Neonatal Abstinence Syndrome (NAS): How to Care for Your Baby

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Dr. Manu Lakshmi

24 Dec 2021

Neonatal Abstinence Syndrome – symptoms and treatment

Neonatal Abstinence Syndrome (NAS) is a condition that occurs in a newborn baby from a mother who has been abusing opioid drugs during pregnancy. The drugs could include heroin, codeine, oxycodone, methadone, buprenorphine, etc.,

When a pregnant woman abuses drugs, certain drugs pass through the placenta and reach the baby. As a result, even the growing baby gets addicted to those drugs. After the baby’s delivery, he/she won’t receive the drugs anymore and he/she craves the drugs and shows certain symptoms such as loud crying, hyperactivity, etc until the drugs wane off from the body eventually. Such as state is called Neonatal Abstinence Syndrome (NAS).

Neonatal Abstinence Syndrome – Symptoms

The symptoms and severity of NAS depend on certain factors such as:

  1. The type of drug (or drugs) the mother has used.
  2. The duration of use and till when (during pregnancy) she has consumed the drugs.
  3. How the body breaks down the consumed drugs – this depends on the genetics of the person and the baby
  4. How the baby is born – at right term or premature.

Symptoms of NAS include:

  1. Blotchy skin coloring
  2. Diarrhea
  3. Loud crying
  4. Excessive sucking
  5. Hyperactivity
  6. Fever
  7. Getting easily irritated
  8. Increased muscle tone
  9. Poor feeding
  10. Rapid breathing
  11. Problems sleeping
  12. Shivering or trembling
  13. Vomiting etc.

Diagnosis of NAS

Diagnosis of NAS starts from the mother and typically with a set of questions regarding the type of drug(s) she has been using, the quantity and duration of consumption. What is most important is, till which week of pregnancy she has been using the drugs because babies whose mothers consumed the drugs until the last week have shown severe symptoms of NAS.

The mother’s urine will be screened for the presence of drugs and then NAS scoring will be done on the baby depending on the symptoms and the severity.  The eating and sleeping of the baby will be examined and evaluated. The Baby’s urine may also be sent for screening to look for the presence of drugs.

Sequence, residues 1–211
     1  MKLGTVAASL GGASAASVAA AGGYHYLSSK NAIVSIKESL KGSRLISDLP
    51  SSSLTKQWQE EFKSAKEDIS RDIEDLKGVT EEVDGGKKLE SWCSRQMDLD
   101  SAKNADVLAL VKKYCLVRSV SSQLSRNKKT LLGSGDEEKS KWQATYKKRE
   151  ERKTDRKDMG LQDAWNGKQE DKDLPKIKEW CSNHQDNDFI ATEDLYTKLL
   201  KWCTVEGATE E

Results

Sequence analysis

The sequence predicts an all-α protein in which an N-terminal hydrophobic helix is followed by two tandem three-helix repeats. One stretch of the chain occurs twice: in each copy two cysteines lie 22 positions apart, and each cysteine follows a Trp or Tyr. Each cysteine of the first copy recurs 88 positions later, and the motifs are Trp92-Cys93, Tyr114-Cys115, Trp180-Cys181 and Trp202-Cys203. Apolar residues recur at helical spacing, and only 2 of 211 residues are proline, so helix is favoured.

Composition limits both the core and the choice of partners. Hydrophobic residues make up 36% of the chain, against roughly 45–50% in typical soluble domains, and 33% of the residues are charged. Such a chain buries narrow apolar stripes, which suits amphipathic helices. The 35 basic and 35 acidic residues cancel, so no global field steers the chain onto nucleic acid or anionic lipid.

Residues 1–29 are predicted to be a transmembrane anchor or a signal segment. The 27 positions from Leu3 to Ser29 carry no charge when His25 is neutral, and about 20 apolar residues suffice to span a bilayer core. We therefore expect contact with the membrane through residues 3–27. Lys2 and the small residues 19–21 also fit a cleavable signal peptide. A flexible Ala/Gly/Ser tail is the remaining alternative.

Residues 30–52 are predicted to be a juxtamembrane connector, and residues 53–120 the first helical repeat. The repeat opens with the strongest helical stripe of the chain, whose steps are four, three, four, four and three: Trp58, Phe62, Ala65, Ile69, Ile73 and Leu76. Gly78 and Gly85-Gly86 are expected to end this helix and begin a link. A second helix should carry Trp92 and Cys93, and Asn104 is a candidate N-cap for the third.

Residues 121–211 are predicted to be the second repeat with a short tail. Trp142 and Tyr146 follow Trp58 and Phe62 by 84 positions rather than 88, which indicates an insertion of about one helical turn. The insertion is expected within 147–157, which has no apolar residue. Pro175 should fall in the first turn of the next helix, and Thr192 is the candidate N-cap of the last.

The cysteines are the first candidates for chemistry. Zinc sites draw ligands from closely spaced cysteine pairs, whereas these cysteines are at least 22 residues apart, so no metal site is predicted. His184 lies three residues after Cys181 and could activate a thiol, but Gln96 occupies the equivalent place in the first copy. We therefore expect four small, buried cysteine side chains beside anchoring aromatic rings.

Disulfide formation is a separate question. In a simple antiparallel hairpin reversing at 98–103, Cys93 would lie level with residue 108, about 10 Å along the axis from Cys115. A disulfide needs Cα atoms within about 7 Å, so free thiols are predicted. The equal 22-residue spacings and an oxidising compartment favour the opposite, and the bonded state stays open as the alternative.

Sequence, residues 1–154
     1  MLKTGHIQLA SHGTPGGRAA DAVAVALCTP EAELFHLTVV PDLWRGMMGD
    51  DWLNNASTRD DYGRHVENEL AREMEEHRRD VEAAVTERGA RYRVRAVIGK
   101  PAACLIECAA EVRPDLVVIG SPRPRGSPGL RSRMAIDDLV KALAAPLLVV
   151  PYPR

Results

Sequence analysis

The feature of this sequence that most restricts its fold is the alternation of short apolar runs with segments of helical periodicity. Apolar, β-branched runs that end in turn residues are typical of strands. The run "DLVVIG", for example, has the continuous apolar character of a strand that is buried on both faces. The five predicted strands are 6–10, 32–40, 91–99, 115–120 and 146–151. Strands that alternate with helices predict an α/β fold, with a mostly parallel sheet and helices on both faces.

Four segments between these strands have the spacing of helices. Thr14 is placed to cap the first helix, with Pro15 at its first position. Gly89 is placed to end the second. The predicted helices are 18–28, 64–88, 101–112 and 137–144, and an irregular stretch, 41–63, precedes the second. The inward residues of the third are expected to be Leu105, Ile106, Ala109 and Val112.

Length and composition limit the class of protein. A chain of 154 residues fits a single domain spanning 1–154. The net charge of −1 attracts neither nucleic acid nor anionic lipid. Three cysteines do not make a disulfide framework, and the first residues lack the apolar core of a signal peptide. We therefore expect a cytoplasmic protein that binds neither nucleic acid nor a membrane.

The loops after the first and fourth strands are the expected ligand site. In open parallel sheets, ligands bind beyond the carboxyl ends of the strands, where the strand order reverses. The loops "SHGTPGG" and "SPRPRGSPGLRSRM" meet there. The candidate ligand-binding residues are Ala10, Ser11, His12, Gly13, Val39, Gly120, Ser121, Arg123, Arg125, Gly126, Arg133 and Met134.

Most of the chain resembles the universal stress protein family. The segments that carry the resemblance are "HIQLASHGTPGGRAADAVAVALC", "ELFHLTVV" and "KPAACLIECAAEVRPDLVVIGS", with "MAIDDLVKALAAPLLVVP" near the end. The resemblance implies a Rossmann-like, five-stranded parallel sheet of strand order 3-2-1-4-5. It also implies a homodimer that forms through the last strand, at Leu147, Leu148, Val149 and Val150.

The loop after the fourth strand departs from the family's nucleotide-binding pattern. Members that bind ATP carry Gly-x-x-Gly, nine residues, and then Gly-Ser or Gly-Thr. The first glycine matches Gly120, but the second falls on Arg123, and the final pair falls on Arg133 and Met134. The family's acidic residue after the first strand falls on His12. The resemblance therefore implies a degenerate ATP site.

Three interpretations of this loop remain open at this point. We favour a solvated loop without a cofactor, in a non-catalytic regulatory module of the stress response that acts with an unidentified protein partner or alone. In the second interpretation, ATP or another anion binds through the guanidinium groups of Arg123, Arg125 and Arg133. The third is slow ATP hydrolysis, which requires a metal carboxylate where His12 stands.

Treatment of Neonatal Abstinence Syndrome

Treatment depends on the symptoms, severity of the symptoms, and the drugs that are found in the baby’s body. Babies with NAS are closely watched for a week as that is the time when the drugs are removed from the body naturally. In babies with severe symptoms, doctors have found feeding problems, weight gain and in those who vomit, severe dehydration may take place.  In such cases, fluids will be given to the baby intravenously.

Along with administering certain medicines based on the drugs used, babies are to be loved and cared for during the treatment period. This is called giving TLC – Tender Loving Care to the baby. Certain activities such as rocking the baby (in a cradle), letting the baby sleep in a quiet and little darker place, making skin-to-skin contact with the baby, and breastfeeding are also be recommended.

In some babies with severe symptoms, the same drugs will be given to the baby and over a period of time, the dosage will be reduced eventually to wane off the baby from the drugs.

Complications in babies that can occur due to drug abuse by pregnant mother

Every gynecologist or a doctor will advise his/her pregnant patients not to smoke or consume alcohol or abuse drugs at least until the delivery of the baby. It is not just for the health of the woman but also to prevent many unwanted possible medical conditions that the baby might have post-birth. Such complications include:

  1. Birth defects
  2. Underweight
  3. Premature birth of the baby
  4. Small head circumference
  5. Sudden Infant Death Syndrome (SIDS), this happens with no warning.
  6. Difficulties with physical and mental development of the baby as he/she grows up.

Time taken by babies to come out of NAS usually ranges from 1 week to 6 months and some babies may have to have a longer stay than those with mild NAS symptoms.

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